Granulomatosis with polyangiitis diagnostic study of choice

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Editor-In-Chief: C. Michael Gibson, M.S., M.D. [1]Ali Poyan Mehr, M.D. [2]Associate Editor(s)-in-Chief: Krzysztof Wierzbicki M.D. [3]Amandeep Singh M.D.[4]


Determination of ANCAs can aid in the diagnosis, but positivity is not conclusive and negative ANCAs are not sufficient to reject the diagnosis. Cytoplasmic staining ANCAs that react with the enzyme proteinase 3 (cANCA) in neutrophils (a type of white blood cell) are associated with Granulomatosis with polyangiitis. If the patient has renal failure or cutaneous vasculitis, these are the most logical organs to obtain a biopsy from. Rarely, thoracoscopic lung biopsy is required.

Diagnostic Criteria

A diagnosis of Granulomatosis with polyangiitis can be made when three out of the six criteria are established. They are:[1]

  1. a histopathology that shows granuloma
  2. the upper respiratory tract is involved
  3. there is a stenosis that is present in larynx, trachea, and the bronchioles
  4. the pulmonary system is involved
  5. the presence of anti-neutrophil cytoplasmic antibodies
  6. the presence of glomerulonephritis

In 1990, the American College of Rheumatology accepted classification criteria for Granulomatosis with polyangiitis. They were not intended for diagnosis, but for inclusion in randomized controlled trials. Two or more positive criteria have a sensitivity of 88.2% and a specificity of 92.0% of describing Granulomatosis with polyangiitis.[2]

  • Nasal or oral inflammation:
    • painful or painless oral ulcers or
    • purulent or bloody nasal discharge
  • Lungs: abnormal chest X-ray with:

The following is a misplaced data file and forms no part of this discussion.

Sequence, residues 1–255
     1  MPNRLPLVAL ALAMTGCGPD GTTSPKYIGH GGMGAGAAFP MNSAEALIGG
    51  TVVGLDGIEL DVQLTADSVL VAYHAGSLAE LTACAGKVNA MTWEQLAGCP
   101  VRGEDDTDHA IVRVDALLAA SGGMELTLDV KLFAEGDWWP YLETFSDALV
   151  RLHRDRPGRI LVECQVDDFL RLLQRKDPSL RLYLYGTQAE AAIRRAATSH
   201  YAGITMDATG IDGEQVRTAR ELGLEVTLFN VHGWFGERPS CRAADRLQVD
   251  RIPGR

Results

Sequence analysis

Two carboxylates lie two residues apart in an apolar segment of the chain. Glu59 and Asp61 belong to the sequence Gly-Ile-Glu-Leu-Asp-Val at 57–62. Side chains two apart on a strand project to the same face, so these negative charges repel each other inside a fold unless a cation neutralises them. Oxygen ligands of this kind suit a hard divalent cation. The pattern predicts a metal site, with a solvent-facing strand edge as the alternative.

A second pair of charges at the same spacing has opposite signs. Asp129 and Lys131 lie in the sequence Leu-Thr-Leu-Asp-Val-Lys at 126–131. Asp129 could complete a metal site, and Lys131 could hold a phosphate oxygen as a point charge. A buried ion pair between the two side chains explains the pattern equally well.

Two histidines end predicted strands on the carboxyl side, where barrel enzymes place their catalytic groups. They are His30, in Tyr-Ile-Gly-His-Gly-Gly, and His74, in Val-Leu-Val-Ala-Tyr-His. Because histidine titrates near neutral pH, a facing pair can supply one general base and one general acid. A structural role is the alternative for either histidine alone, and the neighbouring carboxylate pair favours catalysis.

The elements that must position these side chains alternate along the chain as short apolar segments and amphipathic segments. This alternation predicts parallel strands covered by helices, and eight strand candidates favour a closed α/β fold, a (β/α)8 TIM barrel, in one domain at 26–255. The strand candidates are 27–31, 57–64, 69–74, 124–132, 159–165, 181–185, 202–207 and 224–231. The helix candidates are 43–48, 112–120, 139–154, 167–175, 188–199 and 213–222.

• nodules,
    • infiltrates or
    • cavities
  • Kidneys: urinary sediment with:
    • microhematuriaor
    • red cell casts
  • Biopsy: granulomatous inflammation
    • within the arterial wall or
    • in the perivascular area

According to the Chapel Hill Consensus Conference (CHCC) on the nomenclature of systemic vasculitis (1992), establishing the diagnosis of Granulomatosis with polyangiitis demands:[3]

  • a granulomatous inflammation involving the respiratory tract, and
  • a vasculitis of small- to medium-sized vessels.

Several investigators have compared the ACR and Chapel Hill criteria.[4]


  1. Noone D, Hebert D, Licht C (2016). "Pathogenesis and treatment of ANCA-associated vasculitis-a role for complement". Pediatr Nephrol.   ( ):  . doi:10.1007/s00467-016-3475-5. PMID 27596099.
  2. Leavitt RY, Fauci AS, Bloch DA, Michel BA, Hunder GG, Arend WP, et al. The American College of Rheumatology 1990 criteria for the classification of Wegener's granulomatosis. Arthritis Rheum 1990;33:1101-7. PMID 2202308.
  3. Jennette JC, Falk RJ, Andrassy K, Bacon PA, Churg J, Gross WL, Hagen EC, Hoffman GS, Hunder GG, Kallenberg CG,et al. Nomenclature of systemic vasculitides. Proposal of an international consensus conference.Arthritis Rheum 1994;37:187-92. PMID 8129773.
  4. Bruce IN, Bell AL. A comparison of two nomenclature systems for primary systemic vasculitis. Br J Rheumatol1997;36:453-8. PMID 9159539.